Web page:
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    Kalliopi Monoyios is an independent science illustrator and a certified science geek. She is the illustrator of three popular science books: Neil Shubin's Your Inner Fish and The Universe Within, and Jerry Coyne's Why Evolution is True. Find her at and @eyeforscience.

    Glendon Mellow is a fine artist, illustrator and tattoo designer working in oil and digital media based in Toronto, Canada. He tweets @FlyingTrilobite. You can see Glendon's work-in-progress at The Flying Trilobite blog and portfolio at

    Katie McKissick is a former high school biology teacher turned science writer and cartoonist based in Los Angeles, CA. Her first book is called What’s in Your Genes? and will be in bookstores December 2013. She tweets @beatricebiology. Her work can be found at

    Follow on Twitter @symbiartic.
  • Blogroll

  • The Greatest Gallery On Earth Right Now is the SciArt Hashtag


    Sure, we thought we’d get a few drops, maybe even some wind damage. But the SciArt Tweet Storm is turning out to be a Great Red Spot-sized hurricane. Longer analysis of stats and impact will have to wait until the #SciArt Tweet Storm is over – the plan is to calm down March 7th – [...]

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    Help Us Start a SciArt Tweet Storm


    In addition to being artists ourselves, the Symbiartic team hopes to help advance the presence of images in science communication and culture. To that end, we would like to invite people making science-related art of all kinds to participate in an event from March 1-7 : the 1st SciArt Tweet Storm. Starting today, right now, let’s [...]

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    Quick Twitter Tip for Attributing Art


    When I see some amazing art posted on Twitter without attribution to the creator, especially by someone in science communication, I kind of lose it. Using and Google Search by Image, I usually track it down and try valiantly to communicate that they should add a credit. I usually lose the battle with my [...]

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    What Can We Learn From Renaissance Vegetables?


    Just throwing this out there. Has there been an attempt to track the meandering flow of selective breeding of fruits, vegetables and flowers by using still life paintings since the Renaissance? Are any vegetables significantly different in say, these face illusions by Giuseppe Arcimboldo (~1526-1593) than they would appear now? According to the Carrot Museum, [...]

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    Think of All Those Eggs You Missed!


    Here on Symbiartic we are embarking upon an exciting new experiment. We are taking a science theme every couple of months and presenting you with one new original piece of science art from each of us – a fine artist (Glendon Mellow), a science comic (Katie McKissick), and a scientific illustrator (yours truly). Our first [...]

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    Modern Day Alchemists Turn Toxic Runoff Into Valuable Pigments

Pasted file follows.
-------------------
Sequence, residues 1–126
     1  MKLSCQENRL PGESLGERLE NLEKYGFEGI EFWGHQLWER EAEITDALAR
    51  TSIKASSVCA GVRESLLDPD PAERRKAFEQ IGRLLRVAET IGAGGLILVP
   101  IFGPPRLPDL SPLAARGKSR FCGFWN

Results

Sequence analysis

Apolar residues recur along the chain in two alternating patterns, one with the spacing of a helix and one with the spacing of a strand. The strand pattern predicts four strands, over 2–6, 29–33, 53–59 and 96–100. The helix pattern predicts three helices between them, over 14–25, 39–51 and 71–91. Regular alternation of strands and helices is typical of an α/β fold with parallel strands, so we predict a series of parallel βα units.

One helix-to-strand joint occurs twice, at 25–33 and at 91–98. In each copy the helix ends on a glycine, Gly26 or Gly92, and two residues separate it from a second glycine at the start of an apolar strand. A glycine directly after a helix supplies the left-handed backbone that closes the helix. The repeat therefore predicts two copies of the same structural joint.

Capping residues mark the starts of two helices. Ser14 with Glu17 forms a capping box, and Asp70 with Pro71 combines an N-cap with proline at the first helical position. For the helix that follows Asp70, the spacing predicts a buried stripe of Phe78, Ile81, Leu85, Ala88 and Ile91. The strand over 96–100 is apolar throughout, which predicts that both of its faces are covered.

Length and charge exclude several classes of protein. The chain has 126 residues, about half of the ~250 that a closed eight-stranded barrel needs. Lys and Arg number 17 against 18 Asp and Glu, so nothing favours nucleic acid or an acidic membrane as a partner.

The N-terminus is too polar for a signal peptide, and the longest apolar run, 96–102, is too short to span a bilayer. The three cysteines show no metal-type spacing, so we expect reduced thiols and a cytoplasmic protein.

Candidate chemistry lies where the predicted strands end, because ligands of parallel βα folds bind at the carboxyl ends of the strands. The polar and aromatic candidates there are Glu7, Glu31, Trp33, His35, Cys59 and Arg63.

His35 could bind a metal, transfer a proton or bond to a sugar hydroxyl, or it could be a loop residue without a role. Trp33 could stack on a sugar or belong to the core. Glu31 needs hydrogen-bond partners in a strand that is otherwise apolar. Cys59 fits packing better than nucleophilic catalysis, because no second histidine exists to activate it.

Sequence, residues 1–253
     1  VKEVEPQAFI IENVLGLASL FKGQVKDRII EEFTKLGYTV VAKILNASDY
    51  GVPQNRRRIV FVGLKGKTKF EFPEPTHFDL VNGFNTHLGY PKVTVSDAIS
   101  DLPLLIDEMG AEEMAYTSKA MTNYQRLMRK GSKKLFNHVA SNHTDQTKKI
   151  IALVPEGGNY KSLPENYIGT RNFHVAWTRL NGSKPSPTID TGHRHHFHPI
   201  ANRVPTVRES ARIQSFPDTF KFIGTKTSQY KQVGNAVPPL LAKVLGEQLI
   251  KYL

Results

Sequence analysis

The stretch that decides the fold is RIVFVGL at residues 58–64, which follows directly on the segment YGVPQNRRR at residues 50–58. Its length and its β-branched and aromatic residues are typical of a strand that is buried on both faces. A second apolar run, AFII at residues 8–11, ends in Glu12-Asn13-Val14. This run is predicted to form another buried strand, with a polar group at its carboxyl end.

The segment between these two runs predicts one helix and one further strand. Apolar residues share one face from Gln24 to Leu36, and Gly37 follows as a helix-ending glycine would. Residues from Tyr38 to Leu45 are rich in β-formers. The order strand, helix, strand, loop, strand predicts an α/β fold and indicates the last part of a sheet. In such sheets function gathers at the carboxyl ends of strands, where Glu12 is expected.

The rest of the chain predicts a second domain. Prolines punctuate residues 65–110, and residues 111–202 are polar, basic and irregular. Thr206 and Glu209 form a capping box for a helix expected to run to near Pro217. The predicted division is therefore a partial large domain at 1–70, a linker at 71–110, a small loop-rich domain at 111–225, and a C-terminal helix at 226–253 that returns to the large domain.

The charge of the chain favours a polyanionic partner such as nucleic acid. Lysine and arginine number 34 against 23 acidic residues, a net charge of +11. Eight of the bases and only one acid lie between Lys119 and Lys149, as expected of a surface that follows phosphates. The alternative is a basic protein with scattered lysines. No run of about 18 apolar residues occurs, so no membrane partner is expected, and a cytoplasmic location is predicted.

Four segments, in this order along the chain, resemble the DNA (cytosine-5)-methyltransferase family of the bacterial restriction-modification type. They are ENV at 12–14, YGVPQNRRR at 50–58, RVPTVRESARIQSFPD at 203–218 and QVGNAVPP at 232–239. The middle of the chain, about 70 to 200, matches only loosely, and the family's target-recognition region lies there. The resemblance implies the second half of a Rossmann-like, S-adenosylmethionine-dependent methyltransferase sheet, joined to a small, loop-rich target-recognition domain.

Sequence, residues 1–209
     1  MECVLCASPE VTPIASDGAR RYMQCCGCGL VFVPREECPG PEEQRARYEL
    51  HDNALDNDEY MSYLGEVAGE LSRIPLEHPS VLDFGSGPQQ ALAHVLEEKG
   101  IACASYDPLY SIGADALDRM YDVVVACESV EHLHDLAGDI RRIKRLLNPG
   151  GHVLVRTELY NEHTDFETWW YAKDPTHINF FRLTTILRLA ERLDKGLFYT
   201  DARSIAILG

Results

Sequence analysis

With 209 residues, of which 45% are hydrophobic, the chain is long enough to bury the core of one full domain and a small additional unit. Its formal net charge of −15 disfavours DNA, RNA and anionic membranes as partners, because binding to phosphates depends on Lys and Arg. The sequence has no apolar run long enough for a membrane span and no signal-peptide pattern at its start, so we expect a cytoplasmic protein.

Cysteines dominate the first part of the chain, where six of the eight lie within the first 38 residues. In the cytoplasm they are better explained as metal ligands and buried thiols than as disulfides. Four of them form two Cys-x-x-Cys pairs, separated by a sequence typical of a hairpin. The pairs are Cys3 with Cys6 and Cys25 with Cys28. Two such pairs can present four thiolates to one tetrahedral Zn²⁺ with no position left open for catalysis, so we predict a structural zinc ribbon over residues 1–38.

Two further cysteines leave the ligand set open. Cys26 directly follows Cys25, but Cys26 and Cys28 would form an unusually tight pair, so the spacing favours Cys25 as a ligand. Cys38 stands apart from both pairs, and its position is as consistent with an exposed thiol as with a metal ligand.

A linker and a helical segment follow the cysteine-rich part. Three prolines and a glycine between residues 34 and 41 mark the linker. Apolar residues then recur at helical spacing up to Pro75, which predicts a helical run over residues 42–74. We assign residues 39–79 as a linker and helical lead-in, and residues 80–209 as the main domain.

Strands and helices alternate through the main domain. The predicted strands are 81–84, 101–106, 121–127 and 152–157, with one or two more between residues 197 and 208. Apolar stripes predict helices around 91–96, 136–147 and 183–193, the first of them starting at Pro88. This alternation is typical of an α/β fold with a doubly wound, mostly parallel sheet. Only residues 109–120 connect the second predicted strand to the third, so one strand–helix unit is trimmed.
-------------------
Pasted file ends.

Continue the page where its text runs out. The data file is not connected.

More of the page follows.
Artists have long used odd things in their work – Marcel Duchamp’s urinal on a pedestal comes to mind – but even when unusual ingredients are less obvious, they can be present. As my co-blogger Glendon Mellow points out in his superb Pinch of Pigment series, everything from raw earth minerals to ground up mummies [...]

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    “New Beginnings” in Comic Form

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    Here at Symbiartic, we’re exploring themes from the perspectives of a fine artist (Glendon), a scientific illustrator (Kalliopi), and a science comic (moi). Our first theme is “New Beginnings.” I do indeed love a fresh start — a new year, a new class, a new job. Nothing soothes my nerves like a blank slate with [...]

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    Crowdsourcing Women in Science and Engineering

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    I could statistic you to death about how women are still underrepresented in science and engineering, but let me just give you this one about what dismal progress we’re making: between 2000 and 2011, the proportion of science and engineering bachelor’s degrees awarded to women remained flat. And worse, it actually declined in computer sciences, [...]

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    A Perfect Museum Photo


    This photo, taken a few weeks ago at the Royal Ontario Museum by ROMKids Assistant Coordinator/force of nature Kiron Mukherjee, captures a perfect museum moment. Liz Butler is a high school teacher and artist who regularly draws what she sees at the museum – and the ROM has been sharing her marvellous work for well [...]

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    Three Artists Tackle the Same Science: An Experiment in ScienceArt & Blogging


    This July, Symbiartic will celebrate its 4th birthday along with the entire Scientific American Blog Network. To date, we have featured more than 230 science artists in over 460 posts as the field continues to expand and come into its own. Featuring other peoples’ work and being a part of this burgeoning field has been [...]

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